I know. I haven't written much.
In my defense, I've had over 300 pages to read in the past two weeks.
Against that defense, I probably did about 10% of that, and no its not because of some super important delay, or a family emergency, or even a worth excuse. Nope. Its because I discovered Queer Eye.
Are you watching this show?!? You should be watching this show.
But, I did do homework. I just didn't write. And, it feels like its been forever that I haven't written, and its been less than a week. The year of not writing at all seems like forever ago, though I only escaped about a month ago.
Writing is my habit. It is the thing that helps me make sense of this nihilistic world, as John Green says. More than that, though, writing is the thing that made me survive. It is everything to me, and not having the time to do it slowly chips away at me everyday. Now, most of the guys from Queer Eye would probably tell me to just make time for it.
And believe me, fab five, I'm trying.
But, its hard! I'm balancing 6 classes and a job that's part time, but is usually full time, as well as working on myself. It might seem like not a lot to you, but trust me. It is.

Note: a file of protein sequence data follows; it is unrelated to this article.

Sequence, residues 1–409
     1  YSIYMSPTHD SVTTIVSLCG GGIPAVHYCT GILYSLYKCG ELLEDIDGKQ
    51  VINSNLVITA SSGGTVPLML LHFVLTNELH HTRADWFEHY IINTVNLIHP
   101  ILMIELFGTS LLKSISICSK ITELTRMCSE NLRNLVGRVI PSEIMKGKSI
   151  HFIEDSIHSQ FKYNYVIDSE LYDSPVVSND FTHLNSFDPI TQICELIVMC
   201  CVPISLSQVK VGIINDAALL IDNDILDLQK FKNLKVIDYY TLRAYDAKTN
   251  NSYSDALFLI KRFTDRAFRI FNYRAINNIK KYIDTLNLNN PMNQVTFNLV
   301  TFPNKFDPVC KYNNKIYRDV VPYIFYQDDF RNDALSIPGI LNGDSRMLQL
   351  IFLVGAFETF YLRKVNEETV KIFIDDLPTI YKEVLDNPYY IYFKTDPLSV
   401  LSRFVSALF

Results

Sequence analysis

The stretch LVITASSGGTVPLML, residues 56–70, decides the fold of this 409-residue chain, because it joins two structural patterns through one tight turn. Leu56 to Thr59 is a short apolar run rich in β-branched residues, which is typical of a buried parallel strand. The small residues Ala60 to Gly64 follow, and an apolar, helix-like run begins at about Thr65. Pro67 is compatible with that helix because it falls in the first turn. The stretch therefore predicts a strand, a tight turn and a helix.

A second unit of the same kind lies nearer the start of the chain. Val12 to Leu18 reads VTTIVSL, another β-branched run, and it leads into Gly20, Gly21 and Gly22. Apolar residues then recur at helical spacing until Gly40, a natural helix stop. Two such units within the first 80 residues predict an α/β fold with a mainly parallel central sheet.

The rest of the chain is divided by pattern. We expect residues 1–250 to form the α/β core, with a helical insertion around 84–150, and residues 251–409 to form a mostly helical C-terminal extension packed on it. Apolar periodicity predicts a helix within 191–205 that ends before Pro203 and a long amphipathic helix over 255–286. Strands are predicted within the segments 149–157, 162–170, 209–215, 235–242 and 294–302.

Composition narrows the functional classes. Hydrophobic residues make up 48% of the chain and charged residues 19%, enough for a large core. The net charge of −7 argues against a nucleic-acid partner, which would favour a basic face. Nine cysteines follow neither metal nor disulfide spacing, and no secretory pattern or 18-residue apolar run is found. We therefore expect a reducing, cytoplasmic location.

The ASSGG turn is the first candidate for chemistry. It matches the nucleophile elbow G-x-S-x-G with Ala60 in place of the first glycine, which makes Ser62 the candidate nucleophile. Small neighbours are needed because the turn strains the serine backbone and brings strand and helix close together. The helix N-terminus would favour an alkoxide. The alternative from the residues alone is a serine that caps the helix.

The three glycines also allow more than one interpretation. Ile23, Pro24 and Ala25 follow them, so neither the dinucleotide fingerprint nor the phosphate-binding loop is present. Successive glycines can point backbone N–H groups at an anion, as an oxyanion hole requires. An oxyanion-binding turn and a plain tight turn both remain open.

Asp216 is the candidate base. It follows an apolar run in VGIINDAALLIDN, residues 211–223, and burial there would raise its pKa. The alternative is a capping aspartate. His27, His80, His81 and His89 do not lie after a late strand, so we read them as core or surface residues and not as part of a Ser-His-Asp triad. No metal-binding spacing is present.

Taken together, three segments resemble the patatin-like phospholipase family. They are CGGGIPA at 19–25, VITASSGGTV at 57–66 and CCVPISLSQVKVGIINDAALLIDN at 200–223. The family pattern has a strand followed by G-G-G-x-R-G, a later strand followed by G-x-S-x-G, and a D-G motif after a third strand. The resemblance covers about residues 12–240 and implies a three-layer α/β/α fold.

These six classes this semester, I chose, primarily, to help aid me in becoming a better writer. And, you may have noticed that I usually talk about a text or something I learned in class. Not only does this help me catalog what I learned (so that I can teach some of it to the students I will hopefully teach in grad school), but it also helps me reflect what I am learning now.
I am a bit behind, so I'm going to use the time to get caught up.
2 weeks ago we read and discussed Suzanne Keen's seminal work "Narrative Form". In this book, Keen writes about all things fiction and provides you not only with definitions of key terms, but with the argument over them.
I didn't know how hard it was to define story from plot until I realized that I didn't have definitions to begin with.
I don't agree with all of Keen's statements. (Like how Dickens was a creative genius - he wasn't), but I do see the benefit in not only defining terms for your sake, but for the sake of your writing. It helps you join a conversation that has already been going on, as my professor says. But, I think it also allows you to be in conversation with your work.
This applies to all art and to all work. We all have our own lingo, and we might just use these terms at the seat of our pants, but that doesn't mean we really know them. Keen shows the context to words and the importance of knowing them.
Even though it is often hard for us fiction writers to sit down and read something that isn't even creative nonfiction, but just straight up definitions, this is an important piece to keep in your back pocket.